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Tom Johnson ,Celestron founder dies at age 89

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#51 jrbarnett


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Posted 17 March 2012 - 09:37 AM

Tom was to amateur astronomy what Steve Jobs was to personal computing. He was a visionary who changed the game, offering new ideas and paradigms that affected large numbers of customers in a lasting and fundamental way. Tom's passing marks the end of an era.

#52 Astrosetz


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Posted 17 March 2012 - 09:43 AM

Two years ago I acquired a Classic 8 at a local swap meet. Even through I have many telescopes, that old-school, equatorial-fork-mounted 8 SCT is one of my favorites. It lives in the trunk of my Honda Civic sedan, always ready to go. I do a lot of outreach and I've found it to be excellent for that purpose -- Tom Johnson's original telescope design will continue to surprise and delight for years to come, I'm sure.

#53 diggerdonp


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Posted 17 March 2012 - 04:49 PM

I was fortunate to get a tour of their factory in 1981 while my C-8 was cleaned and adjusted. Tom was a gentleman and I was surprised that "Da Pres" was giving me a tour. His enthusiasm was quite obvious.

RIP Tom.


That must have been quite the experience? The contributions that he made to astronomy are huge, it is hard to find the proper words as they all sound so small... I am truly saddened by his passing and my best wishes go out to his family...

R.I.P. Mr. Johnson, you will be missed by many...

#54 mattyfatz



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Posted 17 March 2012 - 10:29 PM

They should name something celestial after him.


They have...there is an asteroid that bears his name.


Do you know any more about it? Like its RA/DA.. I hope it's visible with an 8" SCT.. Otherwise THEY screwed up

I am told it is asteroid 12919 Tomjohnson (1998 VB6)...not too many recently discovered asteroids are easy targets in an 8 inch scope, unfortunately.

use this JPL link to get the data By searching on 12919

I found This data It says The absolute magnitude of the asteroid is 13.7... 14 is the limiting magnitude for the 8" SCT. Not easy by any means, but not impossible

#55 Jeff B

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Posted 18 March 2012 - 07:25 PM

I never met Tom even though I was a Celestron dealer in the early 80's. But I did meet his work and was constantly impressed so maybe, in a way, I did meet Tom.

Eternal rest to you and thank you so very much Tom.


#56 Starhawk


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Posted 19 March 2012 - 09:20 AM

You know, it's a fine thing to be able to say someone did what Tom did: he breathed new life into amateur astronomy, and professional astronomy as well. His telescopes made it to every corner of the earth and have a foothold above. He produced new hardware, better hardware, and made it available to everyone. This wasn't work to turn a quick buck; it was to get the gear out there. And that made the difference. And it did produce jobs, inspire kids to become scientists and engineers instead of failed wanna be rock stars, and moved the bar for better equipment as well.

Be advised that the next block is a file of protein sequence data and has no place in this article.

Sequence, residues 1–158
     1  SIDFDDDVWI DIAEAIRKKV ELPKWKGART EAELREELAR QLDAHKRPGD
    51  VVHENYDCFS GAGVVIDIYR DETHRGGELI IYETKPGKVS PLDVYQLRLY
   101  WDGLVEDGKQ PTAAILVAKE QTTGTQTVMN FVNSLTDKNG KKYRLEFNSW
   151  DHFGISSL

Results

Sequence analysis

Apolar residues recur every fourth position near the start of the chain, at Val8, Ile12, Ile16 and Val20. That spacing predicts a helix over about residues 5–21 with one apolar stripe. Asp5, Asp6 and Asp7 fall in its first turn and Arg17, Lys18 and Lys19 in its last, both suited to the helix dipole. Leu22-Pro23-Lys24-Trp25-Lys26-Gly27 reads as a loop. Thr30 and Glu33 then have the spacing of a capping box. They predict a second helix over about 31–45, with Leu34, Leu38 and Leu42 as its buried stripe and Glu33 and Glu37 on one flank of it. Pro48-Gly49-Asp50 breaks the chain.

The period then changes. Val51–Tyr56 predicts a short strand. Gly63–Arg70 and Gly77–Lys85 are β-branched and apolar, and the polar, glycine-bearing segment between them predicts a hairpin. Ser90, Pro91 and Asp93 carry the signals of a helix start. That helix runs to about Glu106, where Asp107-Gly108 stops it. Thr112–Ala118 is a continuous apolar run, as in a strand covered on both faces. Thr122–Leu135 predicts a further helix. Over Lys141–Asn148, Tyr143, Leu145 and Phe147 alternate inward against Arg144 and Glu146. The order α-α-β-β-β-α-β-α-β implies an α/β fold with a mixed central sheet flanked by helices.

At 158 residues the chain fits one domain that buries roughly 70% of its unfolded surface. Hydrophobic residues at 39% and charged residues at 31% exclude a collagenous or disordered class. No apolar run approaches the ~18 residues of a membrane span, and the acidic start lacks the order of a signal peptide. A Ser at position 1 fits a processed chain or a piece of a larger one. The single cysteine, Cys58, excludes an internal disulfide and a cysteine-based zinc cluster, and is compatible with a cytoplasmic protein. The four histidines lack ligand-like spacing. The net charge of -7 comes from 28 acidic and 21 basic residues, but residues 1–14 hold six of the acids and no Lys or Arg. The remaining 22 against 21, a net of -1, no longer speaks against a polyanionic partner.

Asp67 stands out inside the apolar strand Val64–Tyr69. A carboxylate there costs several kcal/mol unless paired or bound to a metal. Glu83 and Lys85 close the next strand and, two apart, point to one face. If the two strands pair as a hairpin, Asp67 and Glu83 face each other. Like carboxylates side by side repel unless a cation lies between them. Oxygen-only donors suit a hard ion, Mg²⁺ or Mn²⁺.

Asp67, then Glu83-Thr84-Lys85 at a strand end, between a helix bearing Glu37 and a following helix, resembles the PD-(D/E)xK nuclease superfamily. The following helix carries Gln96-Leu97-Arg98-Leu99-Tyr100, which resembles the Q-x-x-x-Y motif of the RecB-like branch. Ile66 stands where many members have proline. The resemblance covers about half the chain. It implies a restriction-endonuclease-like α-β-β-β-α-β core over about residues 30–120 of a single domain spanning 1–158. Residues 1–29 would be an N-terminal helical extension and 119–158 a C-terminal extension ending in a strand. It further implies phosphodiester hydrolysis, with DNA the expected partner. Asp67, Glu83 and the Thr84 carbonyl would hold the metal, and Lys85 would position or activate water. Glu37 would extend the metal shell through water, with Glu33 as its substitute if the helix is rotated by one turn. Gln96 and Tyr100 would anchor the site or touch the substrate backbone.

He made the world a better place.

Well done, Tom.


#57 astro_1959


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Posted 22 March 2012 - 05:33 PM

Hi All,

First time poster here just out of respect/admiration for the loss of Tom Johnson.

Reading his history starting out with Valor Electronics and ending
with a visonary manufactuer of sct telescopes from it's glorious
Celestron Pacific to it's present day giant.

On a more humbling note I'm picking up a 1975 immaculate condition vintage Celestron Pacific C-8 SCT in april, in a way looking through that instrument the spirit of Mr Johnson will be there with me, on those rare nights of perfect seeing wiping my eyes in a wonderful suprise and discovery I can all most here him say "Kid that's what can be seen with the heart and soul working togeather.

Can't wait till April and be a kid again.


Lance M Appel

#58 Rustie


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Posted 25 May 2012 - 05:36 AM

As a huge Celestron fan that is very sad news but he had a very good innings, left behind a great legacy and 89 is a good age to reach.


#59 Z28500


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Posted 30 May 2012 - 11:24 AM

God Bless You Tom Johnson.

#60 Alen K

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Posted 02 September 2012 - 09:18 AM

RIP, Tom. What would amateur astronomy be like if the C8 had never happened? FWIW, like many people I have one (OTA only) and it never fails to deliver when I bring it out.

BTW, I selected Tom as the number 2 person who most changed modern amateur astronomy, bested only by John Dobson, in an article I wrote a while back:

#61 Don Allen

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Posted 15 October 2012 - 01:36 PM

After watching the video, it occurred to me that if anyone is deserving of a Congressional Gold Medal (for civilians) Tom is. I think the first people to speak to are the Congressman from his district and the two CA senators. Also we should start an on line petition and get the Astronomy Magazines involved as well. I do think it will be better rec'd after the election though.

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